I’m a diabetic and I thinkI have an infection. The TeleDentists are here to help.
In the first wave of thepandemic, a patient contacted us in a panic. “I’m a diabetic and I have anulcer on my gums. It’s yellow and oozing and I’m afraid it’s an infection. It’sthe weekend and I don’t know what to do? I am so worried because of mydiabetes.”
When the patient consulted with TheTeleDentist, the patient learned they had an aphthous lesion, known as a cankersore. Her fear was resolved and medication for the ulcer was prescribed. She was reassured that it was not an infection and would not get worse due toher diabetes.
Without access to a dentist, her deepestfears came out. As Larry David, the creator of Seinfield and Curb YourEnthusiasm said when asked what he fears the most, he replied:
“Anarchy and a potential dentalemergency — and not necessarily in that order.” I think we can all agree.
Diabetics are educated to be concernedabout infections, but are not advised about infections in their mouth, so she was right to be concerned. Periodontal diseaseis a leading indicator of diabetes and the oral cavity is a 9 inch wound thatgoes untreated in most diabetics. If 9 inch wound was visible on an armor leg, the entire healthcare team jumps into action for treatment and healing.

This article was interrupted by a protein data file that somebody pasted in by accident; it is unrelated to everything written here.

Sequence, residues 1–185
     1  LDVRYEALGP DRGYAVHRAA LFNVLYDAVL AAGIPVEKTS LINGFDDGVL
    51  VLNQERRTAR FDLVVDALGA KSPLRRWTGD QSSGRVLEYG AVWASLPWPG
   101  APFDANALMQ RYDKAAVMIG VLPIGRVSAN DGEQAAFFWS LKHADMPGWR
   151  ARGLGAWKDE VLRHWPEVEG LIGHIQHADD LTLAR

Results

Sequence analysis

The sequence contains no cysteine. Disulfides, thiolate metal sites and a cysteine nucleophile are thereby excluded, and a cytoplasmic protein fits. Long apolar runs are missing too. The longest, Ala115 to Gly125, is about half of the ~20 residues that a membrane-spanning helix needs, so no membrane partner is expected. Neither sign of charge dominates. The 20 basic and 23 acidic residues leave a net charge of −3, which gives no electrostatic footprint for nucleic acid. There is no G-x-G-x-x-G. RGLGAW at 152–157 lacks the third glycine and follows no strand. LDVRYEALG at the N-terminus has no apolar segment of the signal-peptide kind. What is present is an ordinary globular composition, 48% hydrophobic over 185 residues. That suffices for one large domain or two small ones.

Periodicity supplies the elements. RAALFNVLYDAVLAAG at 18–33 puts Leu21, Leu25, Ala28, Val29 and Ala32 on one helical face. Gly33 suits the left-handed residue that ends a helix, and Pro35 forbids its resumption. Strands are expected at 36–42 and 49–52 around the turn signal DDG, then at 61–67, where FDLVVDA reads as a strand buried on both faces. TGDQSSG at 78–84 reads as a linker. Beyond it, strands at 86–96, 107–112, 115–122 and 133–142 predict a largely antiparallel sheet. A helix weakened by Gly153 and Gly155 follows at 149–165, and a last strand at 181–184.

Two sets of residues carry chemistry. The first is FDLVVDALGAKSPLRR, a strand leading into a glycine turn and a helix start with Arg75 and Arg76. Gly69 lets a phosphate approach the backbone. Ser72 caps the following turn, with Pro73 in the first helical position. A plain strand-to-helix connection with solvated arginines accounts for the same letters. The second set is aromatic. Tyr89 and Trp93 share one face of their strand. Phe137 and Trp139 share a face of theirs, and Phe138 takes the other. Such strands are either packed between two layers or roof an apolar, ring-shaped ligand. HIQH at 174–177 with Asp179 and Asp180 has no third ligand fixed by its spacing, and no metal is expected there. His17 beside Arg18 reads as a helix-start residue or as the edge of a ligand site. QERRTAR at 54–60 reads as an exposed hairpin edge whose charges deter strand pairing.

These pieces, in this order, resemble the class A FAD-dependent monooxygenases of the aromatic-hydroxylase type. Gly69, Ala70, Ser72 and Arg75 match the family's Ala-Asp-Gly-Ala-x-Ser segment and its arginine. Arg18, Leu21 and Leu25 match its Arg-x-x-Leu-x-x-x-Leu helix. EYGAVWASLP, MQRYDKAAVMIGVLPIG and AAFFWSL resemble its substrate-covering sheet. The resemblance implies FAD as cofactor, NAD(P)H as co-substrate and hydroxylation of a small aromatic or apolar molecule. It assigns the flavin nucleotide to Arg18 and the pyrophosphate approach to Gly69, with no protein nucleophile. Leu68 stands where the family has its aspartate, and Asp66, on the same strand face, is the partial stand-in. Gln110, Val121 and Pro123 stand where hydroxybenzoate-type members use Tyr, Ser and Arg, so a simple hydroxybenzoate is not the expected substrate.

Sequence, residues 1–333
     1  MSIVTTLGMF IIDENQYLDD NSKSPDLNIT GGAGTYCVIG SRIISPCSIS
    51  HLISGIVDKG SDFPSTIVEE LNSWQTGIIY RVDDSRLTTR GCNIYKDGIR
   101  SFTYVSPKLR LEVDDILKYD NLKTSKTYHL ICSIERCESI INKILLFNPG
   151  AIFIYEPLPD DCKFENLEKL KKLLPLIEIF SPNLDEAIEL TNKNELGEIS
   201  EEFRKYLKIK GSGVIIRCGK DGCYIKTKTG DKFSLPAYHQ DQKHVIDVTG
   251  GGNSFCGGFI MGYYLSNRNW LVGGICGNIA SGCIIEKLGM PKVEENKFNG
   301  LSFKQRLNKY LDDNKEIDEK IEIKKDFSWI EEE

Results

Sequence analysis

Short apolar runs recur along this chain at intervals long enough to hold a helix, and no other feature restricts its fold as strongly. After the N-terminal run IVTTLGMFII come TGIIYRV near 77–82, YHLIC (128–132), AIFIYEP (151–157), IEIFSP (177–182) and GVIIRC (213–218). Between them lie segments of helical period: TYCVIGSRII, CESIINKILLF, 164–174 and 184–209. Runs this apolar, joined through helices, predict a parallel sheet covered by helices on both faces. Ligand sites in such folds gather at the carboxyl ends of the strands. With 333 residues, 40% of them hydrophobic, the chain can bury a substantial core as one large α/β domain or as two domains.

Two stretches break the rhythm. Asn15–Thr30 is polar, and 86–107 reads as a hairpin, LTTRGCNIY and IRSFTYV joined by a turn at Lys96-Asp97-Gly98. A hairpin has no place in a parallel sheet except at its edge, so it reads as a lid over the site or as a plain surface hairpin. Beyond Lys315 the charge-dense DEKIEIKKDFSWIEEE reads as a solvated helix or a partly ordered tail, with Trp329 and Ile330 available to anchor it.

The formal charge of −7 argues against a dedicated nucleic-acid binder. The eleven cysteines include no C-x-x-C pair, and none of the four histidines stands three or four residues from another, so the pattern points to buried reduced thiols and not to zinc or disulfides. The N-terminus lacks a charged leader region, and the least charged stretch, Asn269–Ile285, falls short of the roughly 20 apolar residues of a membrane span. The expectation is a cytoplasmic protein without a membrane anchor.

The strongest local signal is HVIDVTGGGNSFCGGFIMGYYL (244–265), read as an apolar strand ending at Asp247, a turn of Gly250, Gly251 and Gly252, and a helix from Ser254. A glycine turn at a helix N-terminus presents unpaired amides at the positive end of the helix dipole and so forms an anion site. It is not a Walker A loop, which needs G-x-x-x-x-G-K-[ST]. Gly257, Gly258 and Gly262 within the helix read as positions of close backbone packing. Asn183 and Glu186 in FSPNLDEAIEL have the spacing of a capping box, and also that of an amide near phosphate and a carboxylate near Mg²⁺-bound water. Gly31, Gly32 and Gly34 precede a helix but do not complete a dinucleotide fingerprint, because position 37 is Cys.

A1c’s cannot get under control with anuntreated infection, even in the mouth.
Periodontitis has been referred to as thesixth complication of diabetes.
Research shows that bacteria from themouth correlate with poorer control of Type 1 and Type 2 Diabetes.Treating the periodontal condition does have a beneficial effect for diabeticcontrol. And, a recent study found that smoking increases the risk ofperiodontal disease by nearly 10 times in diabetic patients.
A dentist must be part of the healthcareteam for diabetics. A dental consultation/education and triage to theappropriate provide is key to the improvement of oral health and improves theoutcome for diabetic patients.
Diabetics need constant contact with their dentists.